Tuesday, June 21, 2005

Public Broadcasting Monitor Had Worked at Center Founded by Conservatives


Public Broadcasting Monitor Had Worked at Center Founded by Conservatives


WASHINGTON, June 20 - A researcher retained secretly by the chairman of
the Corporation for Public Broadcasting, to monitor the "Now" program
with Bill Moyers for political objectivity last year, worked for 20
years at a journalism center founded by the American Conservative Union
and a conservative columnist, an official at the journalism center said
on Monday.

The decision by the chairman, Kenneth Y. Tomlinson, to retain the
researcher, Fred Mann, without the knowledge of the corporation's
board, to report on the political leanings of the guests of "Now" is
one of several issues under investigation by the corporation's
inspector general.

At the request of two Democratic lawmakers, investigators are examining
whether Mr. Tomlinson has violated any rules as he has sought, he says,
to ensure that public television and radio provide greater program

His critics, including some lawmakers and executives of public
broadcasting, say he has sought to tilt the corporation, which provides
$400 million to radio and television stations and producers, toward a
conservative agenda.

One of Mr. Tomlinson's Democratic critics, Senator Frank R. Lautenberg
of New Jersey, called on him to resign on Monday.

"As a result of your recent attempts to inject partisan politics into
the Corporation for Public Broadcasting, I am writing to urge you to
step down as chairman," Mr. Lautenberg wrote. "Your conduct has
undermined the C.P.B. and its mission of quality public broadcasting
free of political interference. Under current circumstances, with
investigations of your conduct pending, it is hardly possible for you
to effectively carry out your duties as chairman of the C.P.B."

Mr. Tomlinson issued a statement saying he would not resign. "While I
respect Senator Lautenberg's strongly held views on this subject, I see
no reason to step down from the chairmanship," he said. "I am confident
that the inspector general's report will conclude that all of my
actions were taken in accordance with the relevant rules and

On Monday the board interviewed candidates for the position of
president. The vacancy was created by the resignation of Kathleen Cox,
who stepped down in April after the board did not renew her contract.

Mr. Tomlinson has said his top choice for the job is Patricia Harrison,
an assistant secretary of state and a former co-chairwoman of the
Republican National Committee. He has said that Ms. Harrison would have
strong credibility with the White House and with Republicans in
Congress, some of whom are threatening to cut the corporation's budget

Public television and radio stations have opposed that choice, saying
it would further inject politics into public broadcasting at precisely
the wrong time. The three Democratic and independent members of the
board oppose her selection, board members said, as do some
Congressional Democrats.

Until last year, Mr. Mann worked at the National Journalism Center,
which for the last few years has been run by the Young America's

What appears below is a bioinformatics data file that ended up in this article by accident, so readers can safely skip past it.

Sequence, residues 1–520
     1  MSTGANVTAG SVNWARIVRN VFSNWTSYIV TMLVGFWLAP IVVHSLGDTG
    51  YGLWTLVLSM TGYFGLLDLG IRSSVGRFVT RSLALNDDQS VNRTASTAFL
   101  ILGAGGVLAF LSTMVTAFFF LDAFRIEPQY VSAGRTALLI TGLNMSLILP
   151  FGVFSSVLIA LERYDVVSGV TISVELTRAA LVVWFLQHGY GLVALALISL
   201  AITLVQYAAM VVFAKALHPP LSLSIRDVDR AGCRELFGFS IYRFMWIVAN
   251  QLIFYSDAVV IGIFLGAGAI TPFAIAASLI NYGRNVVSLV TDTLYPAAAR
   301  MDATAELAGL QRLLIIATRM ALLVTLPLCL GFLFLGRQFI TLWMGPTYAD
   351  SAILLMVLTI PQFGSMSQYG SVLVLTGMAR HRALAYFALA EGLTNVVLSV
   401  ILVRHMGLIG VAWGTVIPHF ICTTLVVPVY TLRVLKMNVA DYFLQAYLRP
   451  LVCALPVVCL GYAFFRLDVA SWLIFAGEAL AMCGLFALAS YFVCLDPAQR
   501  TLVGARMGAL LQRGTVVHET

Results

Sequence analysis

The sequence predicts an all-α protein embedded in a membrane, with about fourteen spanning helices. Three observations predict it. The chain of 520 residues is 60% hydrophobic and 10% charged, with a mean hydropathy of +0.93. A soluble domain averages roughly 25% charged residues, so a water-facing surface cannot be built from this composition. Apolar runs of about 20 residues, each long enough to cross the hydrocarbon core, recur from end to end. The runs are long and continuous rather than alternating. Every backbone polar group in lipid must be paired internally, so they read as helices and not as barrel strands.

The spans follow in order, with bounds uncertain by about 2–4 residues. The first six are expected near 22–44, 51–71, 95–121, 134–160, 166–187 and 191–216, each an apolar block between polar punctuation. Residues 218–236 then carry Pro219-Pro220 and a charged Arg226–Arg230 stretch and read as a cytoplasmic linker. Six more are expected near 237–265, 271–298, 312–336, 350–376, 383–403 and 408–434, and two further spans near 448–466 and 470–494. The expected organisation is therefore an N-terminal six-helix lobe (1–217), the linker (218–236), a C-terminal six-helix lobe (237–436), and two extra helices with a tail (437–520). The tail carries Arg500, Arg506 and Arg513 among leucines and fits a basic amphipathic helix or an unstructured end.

Foundation. The foundation describes itself on its Web site as "the
principal outreach organization of the conservative movement" and as
being committed to the ideas of "individual freedom, a strong national
defense, free enterprise and traditional values."

The Young America's Foundation shares some top officials with its
politically active counterpart, Young Americans for Freedom, although
the two are separate entities.

The National Journalism Center was founded in 1977 by the American
Conservative Union and M. Stanton Evans, a syndicated columnist.

Mark LaRochelle, a top official at the National Journalism Center, said
Mr. Mann told him last year that he was working on the Moyers project
for the broadcasting corporation. He said Mr. Mann had run the alumni
relations, job bank and internship program at the center, where he got
to know Mr. Tomlinson. While Mr. Mann worked at the National Journalism
Center, he helped place interns in the Washington bureau of Reader's

The editor in chief of Reader's Digest at the time was Mr. Tomlinson,
and its top editor in its Washington bureau was a friend of Mr.
Tomlinson's, William Schulz. In April, Mr. Tomlinson persuaded the
board of the corporation to appoint Mr. Schulz to be one of two
ombudsmen to monitor public radio and television for objectivity.

There was no response on Monday to voice messages and e-mail messages
left for Mr. Mann.

Mr. Moyers has been a source of agitation for Mr. Tomlinson and other
conservatives. They say that "Now" under Mr. Moyers (who left the show
last year and was replaced by David Brancaccio) was consistently
critical of Republicans and the Bush administration.

Last week Senator Byron L. Dorgan, Democrat of North Dakota, said that
in response to a request, Mr. Tomlinson sent data from Mr. Mann's

Mr. Dorgan said that data concluded in one episode of "Now" that
Senator Chuck Hagel, Republican of Nebraska, was a "liberal" because he
questioned the White House policy on Iraq and that a second "Now"
segment on financial waste at the Pentagon was "anti-Defense." Mr.
Hagel is known as a mainstream conservative member of the Senate and a
maverick who has at times been critical of the Bush administration.

The inspector general at the corporation is now looking at steps taken
by Mr. Tomlinson to ensure what he calls greater balance in
programming, including his decision to approve $14,170 in payments to
Mr. Mann without the knowledge of the corporation's board.